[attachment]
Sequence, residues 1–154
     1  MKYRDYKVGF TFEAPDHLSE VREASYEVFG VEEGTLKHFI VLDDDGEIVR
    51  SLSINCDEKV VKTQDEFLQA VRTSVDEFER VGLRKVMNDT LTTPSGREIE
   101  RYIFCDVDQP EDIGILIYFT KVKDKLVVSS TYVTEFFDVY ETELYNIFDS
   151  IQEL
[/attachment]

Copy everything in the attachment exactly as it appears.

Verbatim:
Sequence, residues 1–154
     1  MKYRDYKVGF TFEAPDHLSE VREASYEVFG VEEGTLKHFI VLDDDGEIVR
    51  SLSINCDEKV VKTQDEFLQA VRTSVDEFER VGLRKVMNDT LTTPSGREIE
   101  RYIFCDVDQP EDIGILIYFT KVKDKLVVSS TYVTEFFDVY ETELYNIFDS
   151  IQEL